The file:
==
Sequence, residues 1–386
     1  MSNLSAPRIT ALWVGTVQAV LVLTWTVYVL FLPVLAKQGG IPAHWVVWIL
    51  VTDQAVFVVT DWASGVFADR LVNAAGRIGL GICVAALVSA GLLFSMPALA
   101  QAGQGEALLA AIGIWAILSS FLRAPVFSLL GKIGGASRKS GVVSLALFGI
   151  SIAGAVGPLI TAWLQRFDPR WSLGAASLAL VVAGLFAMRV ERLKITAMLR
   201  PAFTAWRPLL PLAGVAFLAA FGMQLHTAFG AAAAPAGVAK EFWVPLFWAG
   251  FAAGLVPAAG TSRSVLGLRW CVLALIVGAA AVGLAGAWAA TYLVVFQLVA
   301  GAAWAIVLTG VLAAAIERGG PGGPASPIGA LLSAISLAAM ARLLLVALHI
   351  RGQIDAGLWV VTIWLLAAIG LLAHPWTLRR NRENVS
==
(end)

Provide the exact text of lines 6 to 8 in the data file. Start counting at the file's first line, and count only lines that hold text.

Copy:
   201  PAFTAWRPLL PLAGVAFLAA FGMQLHTAFG AAAAPAGVAK EFWVPLFWAG
   251  FAAGLVPAAG TSRSVLGLRW CVLALIVGAA AVGLAGAWAA TYLVVFQLVA
   301  GAAWAIVLTG VLAAAIERGG PGGPASPIGA LLSAISLAAM ARLLLVALHI